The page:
Border cell counts of Bollgard3 cotton and extracellular DNA expression levels

Oliver G.G. Knox, Gilberto Curlango-Rivera, David A. Huskey, Martha C. Hawes

Research output: Contribution to journalArticlepeer-review

1 Scopus citations


In a world where there is growing pressure to grow more with a smaller environmental footprint, alternative forms of plant protection are needed. The root tips of most plants produce border cells in a mucilage that also contains extracellular DNA (exDNA), which is known to be involved in plant defence. A decade after we first demonstrated that there was varietal difference in the number of border cells in Australian cotton cultivars, we enumerated current commercial cultivars and assessed the level of exDNA produced by individual root tips. The results exposed that there has been a change in the number of border cells per root tip, that cultivar variation still exists and that the recovered levels of exDNA also differs. However, there was no correlation between border cell number and disease resistance to two of the major wilt pathogens and the levels of exDNA did not change when a root tip suspension was incubated with spores of fungal pathogens. The results imply that, while there is potential for border cells and root tip properties to be incorporated into breeding programmes, we still need to develop a better understanding of how root tips are able to influence disease epidemiology if we are to capitalise on this phenotypic property.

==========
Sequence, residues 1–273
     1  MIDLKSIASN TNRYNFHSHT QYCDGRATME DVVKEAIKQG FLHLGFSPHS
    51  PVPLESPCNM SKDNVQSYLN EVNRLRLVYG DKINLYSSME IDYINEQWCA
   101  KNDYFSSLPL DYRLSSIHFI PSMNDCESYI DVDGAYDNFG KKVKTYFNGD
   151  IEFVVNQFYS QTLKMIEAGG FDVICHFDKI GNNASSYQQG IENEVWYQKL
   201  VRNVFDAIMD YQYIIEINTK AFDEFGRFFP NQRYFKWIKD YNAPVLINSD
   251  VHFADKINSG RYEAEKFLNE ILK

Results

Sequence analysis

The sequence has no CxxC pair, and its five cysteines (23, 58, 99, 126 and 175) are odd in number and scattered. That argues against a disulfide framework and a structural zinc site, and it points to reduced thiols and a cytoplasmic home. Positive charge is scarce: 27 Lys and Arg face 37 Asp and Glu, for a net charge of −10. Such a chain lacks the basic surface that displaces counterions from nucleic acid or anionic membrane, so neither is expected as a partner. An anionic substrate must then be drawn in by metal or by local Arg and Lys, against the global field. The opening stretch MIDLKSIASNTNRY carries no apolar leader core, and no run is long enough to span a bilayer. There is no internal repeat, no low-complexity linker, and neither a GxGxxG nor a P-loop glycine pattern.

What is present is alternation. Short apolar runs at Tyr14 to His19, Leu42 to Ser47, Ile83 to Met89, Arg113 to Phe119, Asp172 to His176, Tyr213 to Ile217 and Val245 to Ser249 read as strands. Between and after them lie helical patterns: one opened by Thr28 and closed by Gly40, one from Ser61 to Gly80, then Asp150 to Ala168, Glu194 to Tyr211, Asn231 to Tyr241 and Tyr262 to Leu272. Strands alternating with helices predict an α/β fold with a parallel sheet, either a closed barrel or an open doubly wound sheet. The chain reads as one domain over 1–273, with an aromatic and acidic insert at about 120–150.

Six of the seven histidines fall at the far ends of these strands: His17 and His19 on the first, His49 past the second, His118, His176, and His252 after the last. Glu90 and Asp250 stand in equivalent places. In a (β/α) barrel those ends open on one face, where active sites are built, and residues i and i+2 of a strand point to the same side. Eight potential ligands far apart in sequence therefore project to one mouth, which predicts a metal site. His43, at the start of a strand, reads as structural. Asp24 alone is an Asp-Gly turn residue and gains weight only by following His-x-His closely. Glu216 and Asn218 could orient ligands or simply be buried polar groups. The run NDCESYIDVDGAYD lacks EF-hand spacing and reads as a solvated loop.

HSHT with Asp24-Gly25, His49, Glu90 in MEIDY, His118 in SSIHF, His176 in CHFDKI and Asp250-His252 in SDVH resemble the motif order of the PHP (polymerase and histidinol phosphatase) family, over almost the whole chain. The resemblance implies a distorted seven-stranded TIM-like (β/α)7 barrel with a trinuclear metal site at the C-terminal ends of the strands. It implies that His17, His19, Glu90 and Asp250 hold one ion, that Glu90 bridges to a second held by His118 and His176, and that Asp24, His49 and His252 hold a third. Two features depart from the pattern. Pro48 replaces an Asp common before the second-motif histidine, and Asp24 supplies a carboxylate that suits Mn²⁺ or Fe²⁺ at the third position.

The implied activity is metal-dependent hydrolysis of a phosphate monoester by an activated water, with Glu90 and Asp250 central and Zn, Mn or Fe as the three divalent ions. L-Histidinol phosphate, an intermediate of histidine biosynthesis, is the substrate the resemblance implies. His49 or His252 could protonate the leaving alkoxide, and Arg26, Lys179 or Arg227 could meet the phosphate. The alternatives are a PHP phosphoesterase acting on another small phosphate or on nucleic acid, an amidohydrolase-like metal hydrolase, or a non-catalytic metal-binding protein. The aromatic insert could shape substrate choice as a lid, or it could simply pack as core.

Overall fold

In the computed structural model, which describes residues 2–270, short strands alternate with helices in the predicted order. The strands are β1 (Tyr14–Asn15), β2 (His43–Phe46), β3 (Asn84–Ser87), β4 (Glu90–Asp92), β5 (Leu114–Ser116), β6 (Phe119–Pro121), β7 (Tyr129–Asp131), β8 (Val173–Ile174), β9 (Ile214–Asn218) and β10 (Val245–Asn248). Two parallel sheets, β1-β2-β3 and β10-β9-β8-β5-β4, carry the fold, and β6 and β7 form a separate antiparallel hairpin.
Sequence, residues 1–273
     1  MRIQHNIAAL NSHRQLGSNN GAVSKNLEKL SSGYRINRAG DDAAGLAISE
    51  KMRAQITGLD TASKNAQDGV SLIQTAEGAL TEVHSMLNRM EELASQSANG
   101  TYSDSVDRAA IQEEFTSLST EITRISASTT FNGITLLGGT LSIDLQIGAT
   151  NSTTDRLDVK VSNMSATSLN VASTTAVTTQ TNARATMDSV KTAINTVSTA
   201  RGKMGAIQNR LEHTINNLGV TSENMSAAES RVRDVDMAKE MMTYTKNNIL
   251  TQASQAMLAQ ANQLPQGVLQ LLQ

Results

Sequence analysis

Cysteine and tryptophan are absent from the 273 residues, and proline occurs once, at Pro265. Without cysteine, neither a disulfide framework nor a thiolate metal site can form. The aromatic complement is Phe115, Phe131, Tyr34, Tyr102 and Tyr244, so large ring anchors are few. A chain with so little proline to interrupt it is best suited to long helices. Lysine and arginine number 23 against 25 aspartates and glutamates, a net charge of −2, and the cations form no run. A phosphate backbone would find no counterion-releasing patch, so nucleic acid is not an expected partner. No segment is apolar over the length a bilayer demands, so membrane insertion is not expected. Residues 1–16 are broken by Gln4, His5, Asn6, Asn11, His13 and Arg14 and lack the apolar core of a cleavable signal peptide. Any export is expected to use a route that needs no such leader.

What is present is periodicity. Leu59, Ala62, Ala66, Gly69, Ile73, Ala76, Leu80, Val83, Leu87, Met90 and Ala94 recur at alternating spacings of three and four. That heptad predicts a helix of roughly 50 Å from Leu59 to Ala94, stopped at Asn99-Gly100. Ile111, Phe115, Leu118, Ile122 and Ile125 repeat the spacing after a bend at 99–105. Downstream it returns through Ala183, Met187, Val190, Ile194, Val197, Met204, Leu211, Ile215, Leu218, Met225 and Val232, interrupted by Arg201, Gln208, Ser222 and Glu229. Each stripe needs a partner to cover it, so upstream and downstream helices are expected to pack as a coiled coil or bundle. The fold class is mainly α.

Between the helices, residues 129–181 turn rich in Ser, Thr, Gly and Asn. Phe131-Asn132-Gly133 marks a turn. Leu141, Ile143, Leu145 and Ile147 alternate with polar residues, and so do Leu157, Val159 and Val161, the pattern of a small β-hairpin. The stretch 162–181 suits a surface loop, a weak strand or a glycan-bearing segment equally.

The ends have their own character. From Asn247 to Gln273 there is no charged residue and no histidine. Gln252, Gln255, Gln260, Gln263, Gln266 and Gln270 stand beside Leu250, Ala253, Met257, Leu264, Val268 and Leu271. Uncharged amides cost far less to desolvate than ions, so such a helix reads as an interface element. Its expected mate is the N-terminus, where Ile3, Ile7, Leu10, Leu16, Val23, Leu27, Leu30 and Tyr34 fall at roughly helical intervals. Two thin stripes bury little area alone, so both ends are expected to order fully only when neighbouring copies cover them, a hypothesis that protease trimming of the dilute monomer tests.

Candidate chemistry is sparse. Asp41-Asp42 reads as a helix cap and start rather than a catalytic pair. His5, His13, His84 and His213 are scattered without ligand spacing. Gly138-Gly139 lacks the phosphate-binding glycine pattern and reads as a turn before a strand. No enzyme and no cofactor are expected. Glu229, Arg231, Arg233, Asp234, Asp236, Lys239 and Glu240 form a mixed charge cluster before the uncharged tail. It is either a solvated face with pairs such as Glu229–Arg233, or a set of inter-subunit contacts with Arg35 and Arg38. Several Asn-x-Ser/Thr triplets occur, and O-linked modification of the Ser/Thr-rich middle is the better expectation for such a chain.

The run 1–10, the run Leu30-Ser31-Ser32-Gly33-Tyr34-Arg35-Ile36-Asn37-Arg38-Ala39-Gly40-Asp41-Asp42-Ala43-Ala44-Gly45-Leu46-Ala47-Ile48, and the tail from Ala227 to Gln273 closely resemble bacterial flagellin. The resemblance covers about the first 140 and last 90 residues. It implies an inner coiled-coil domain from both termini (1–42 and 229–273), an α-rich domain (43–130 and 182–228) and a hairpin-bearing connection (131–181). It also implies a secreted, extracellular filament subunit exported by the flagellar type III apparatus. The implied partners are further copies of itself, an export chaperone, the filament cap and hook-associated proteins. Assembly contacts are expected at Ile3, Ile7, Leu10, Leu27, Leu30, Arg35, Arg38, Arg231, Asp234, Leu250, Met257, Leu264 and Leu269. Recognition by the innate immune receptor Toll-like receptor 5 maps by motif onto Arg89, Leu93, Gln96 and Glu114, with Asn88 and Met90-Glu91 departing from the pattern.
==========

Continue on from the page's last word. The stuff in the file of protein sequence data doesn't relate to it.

Original languageEnglish (US)
Article number142
Issue number9
StatePublished - Sep 1 2020


  • Berkelyomyces
  • Fusarium
  • Gossypium
  • Verticillium

ASJC Scopus subject areas

  • Agronomy and Crop Science
  • Genetics
  • Plant Science
  • Horticulture


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